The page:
• Stage Fright: Steve Box's 1997 short film, along with commentary. It's an 11-minute film about a stunted vaudeville dog juggler who lost his popularity with the advent of the moving picture. A silent-film actor takes advantage of the juggler and his tiny, trained dogs to wild success on the silver screen, while the juggler is forced to train the dogs for him. In a word: depressing. (Curiously, it's presented in nonanamorphic widescreen.)
• "The Family Album": Your usual barrage of posters, photos, storyboards, et cetera.
On a menu item labeled "DWK" (for DreamWorks Kids), you'll find the following suitable for the pint-sized set:
• Cracking Contraptions: Three of the super-short W&G shorts that highlight a particular invention. All the mini-eps are collected separately, so this is something of a teaser.
• Games and Activities: My three-year-old wasn't interested. Neither was I.
Be careful when shopping for Curse of the Were-Rabbit at your favorite brick and mortar. DreamWorks has produced two versions of the disc, nearly identical save for the full-frame or widescreen presentations. There's two clues on the box. One is on the front cover; look for the tiny words in the lower right-hand corner that nearly blend in with Richard Corliss's glowing quote. The other is buried in the small line of disc specs on the back; look for the words "Theatrical Aspect Ratio."
If Wallace & Gromit in The Curse of the Were-Rabbit were simply a reminder of art forms past, then it would hardly be worthy of a raving recommendation. It takes more than that to make something entertaining. Were Ed Wood and The Man Who Wasn't There worthy films because they were the rare films released in black and white? No, they're worth watching for their stories, their acting, their writing. The Curse of the Were-Rabbit may be a fine reminder of the magic of stop-motion animation, but there's so much more to it—lovable characters, fun situations, and a story that can be enjoyed by all. By all means, add this disc to your collection, now!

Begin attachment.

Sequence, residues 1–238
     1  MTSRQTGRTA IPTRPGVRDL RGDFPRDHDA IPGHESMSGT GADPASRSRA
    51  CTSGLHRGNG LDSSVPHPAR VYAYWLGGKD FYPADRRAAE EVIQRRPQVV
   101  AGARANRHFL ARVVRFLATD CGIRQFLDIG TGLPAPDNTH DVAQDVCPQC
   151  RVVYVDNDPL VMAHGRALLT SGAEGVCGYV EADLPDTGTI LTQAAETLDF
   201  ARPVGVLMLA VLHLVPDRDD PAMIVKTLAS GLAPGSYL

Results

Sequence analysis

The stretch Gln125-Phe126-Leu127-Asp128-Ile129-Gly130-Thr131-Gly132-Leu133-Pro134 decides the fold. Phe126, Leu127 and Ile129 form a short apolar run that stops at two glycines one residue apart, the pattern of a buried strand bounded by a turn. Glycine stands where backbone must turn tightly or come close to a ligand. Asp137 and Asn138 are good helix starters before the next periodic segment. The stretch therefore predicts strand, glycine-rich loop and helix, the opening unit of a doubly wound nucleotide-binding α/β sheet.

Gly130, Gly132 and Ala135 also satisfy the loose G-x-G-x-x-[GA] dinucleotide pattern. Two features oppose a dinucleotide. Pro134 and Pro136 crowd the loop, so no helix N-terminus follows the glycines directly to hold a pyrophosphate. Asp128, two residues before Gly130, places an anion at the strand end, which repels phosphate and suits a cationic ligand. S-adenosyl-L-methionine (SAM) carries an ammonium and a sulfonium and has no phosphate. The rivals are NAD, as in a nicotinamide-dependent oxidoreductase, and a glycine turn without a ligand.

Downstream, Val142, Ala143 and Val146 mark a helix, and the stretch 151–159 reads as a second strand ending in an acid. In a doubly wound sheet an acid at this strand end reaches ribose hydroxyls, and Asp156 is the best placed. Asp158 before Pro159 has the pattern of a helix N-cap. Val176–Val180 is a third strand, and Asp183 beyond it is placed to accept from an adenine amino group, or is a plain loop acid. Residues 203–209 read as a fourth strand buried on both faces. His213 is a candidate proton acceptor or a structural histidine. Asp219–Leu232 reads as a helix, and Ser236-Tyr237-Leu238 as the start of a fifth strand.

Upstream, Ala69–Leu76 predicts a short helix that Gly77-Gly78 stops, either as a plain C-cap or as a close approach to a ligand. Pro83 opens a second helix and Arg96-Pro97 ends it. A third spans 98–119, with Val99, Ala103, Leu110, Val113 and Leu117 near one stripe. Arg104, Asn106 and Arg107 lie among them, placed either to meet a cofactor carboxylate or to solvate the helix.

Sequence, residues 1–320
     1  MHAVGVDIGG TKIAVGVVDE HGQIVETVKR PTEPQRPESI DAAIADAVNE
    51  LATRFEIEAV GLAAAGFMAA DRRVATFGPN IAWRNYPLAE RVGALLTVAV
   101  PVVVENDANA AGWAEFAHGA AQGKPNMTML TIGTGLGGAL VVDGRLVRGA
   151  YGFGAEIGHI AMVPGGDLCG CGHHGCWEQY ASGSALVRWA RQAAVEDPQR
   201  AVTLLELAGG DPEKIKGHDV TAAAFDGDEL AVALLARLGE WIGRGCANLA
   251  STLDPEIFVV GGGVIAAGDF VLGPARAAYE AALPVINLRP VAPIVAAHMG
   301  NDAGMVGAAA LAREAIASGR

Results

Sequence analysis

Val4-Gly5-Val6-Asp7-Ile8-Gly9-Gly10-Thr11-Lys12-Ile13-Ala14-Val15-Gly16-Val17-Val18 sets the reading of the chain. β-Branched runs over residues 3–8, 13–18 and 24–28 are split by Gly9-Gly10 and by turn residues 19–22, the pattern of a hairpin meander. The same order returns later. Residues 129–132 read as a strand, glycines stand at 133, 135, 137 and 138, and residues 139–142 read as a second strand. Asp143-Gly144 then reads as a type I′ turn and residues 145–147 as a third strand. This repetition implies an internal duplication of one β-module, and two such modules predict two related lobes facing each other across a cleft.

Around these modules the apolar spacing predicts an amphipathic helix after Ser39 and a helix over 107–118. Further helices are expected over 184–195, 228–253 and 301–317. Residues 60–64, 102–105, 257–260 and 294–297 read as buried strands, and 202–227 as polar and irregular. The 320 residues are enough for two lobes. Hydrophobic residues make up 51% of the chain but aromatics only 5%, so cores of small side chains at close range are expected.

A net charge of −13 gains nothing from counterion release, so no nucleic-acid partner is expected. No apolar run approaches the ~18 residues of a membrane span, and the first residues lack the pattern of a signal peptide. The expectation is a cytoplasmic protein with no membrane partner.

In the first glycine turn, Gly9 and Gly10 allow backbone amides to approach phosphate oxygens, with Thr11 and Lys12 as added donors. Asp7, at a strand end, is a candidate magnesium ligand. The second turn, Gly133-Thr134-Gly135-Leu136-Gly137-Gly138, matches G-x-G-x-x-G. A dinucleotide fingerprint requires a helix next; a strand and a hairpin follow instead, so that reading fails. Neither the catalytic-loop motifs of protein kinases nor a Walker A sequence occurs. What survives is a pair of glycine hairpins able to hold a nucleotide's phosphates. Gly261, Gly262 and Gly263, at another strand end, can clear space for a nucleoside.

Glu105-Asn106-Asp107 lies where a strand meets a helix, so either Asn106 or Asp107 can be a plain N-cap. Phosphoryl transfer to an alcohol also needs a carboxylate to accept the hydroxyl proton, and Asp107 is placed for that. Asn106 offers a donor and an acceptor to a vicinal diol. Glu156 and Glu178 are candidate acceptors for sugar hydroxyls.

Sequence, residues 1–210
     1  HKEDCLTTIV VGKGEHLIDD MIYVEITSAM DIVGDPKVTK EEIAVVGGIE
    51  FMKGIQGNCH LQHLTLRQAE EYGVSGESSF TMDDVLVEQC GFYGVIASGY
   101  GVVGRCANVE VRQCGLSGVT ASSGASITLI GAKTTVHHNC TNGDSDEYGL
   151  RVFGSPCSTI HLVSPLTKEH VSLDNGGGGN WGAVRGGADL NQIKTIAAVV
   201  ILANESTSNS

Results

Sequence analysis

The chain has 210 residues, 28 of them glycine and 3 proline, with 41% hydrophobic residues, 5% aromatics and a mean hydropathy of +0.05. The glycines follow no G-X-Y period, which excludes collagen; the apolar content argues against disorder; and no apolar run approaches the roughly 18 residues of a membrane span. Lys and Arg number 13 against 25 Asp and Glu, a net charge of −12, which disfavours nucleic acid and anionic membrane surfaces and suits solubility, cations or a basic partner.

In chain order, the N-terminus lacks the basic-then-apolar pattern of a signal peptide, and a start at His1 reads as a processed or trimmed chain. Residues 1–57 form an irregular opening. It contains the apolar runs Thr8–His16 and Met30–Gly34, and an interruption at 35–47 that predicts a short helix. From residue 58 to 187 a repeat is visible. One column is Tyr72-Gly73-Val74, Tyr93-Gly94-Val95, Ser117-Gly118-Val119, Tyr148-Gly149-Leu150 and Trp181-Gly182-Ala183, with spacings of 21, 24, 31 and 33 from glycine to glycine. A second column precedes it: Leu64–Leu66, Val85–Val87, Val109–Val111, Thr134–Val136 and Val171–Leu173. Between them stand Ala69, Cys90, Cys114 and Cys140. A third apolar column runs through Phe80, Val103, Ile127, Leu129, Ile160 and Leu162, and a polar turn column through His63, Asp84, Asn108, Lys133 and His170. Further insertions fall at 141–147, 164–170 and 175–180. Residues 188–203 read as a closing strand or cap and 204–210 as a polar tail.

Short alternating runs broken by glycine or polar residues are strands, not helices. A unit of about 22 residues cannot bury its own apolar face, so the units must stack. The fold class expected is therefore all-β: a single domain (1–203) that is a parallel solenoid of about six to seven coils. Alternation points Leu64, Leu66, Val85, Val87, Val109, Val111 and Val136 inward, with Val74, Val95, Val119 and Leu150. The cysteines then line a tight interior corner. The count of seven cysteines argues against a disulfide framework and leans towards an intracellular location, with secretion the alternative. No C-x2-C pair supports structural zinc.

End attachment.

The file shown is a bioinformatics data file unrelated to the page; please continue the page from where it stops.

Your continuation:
As I was in the middle of writing this review, The Curse of the Were-Rabbit won the Academy Award for Best Animated Film. While I don't put a lot of stock into the decisions of the Academy voters, this is one award that I felt was truly deserved. That's saying something, considering its competition was Hayao Miyazaki's Howl's Moving Castle and Tim Burton's Corpse Bride. While I really wanted Corpse Bride to win—after all, Tim Burton is my favorite director—I wasn't disappointed in the slightest with this choice.
Not guilty. Now bring me some Wensleydale!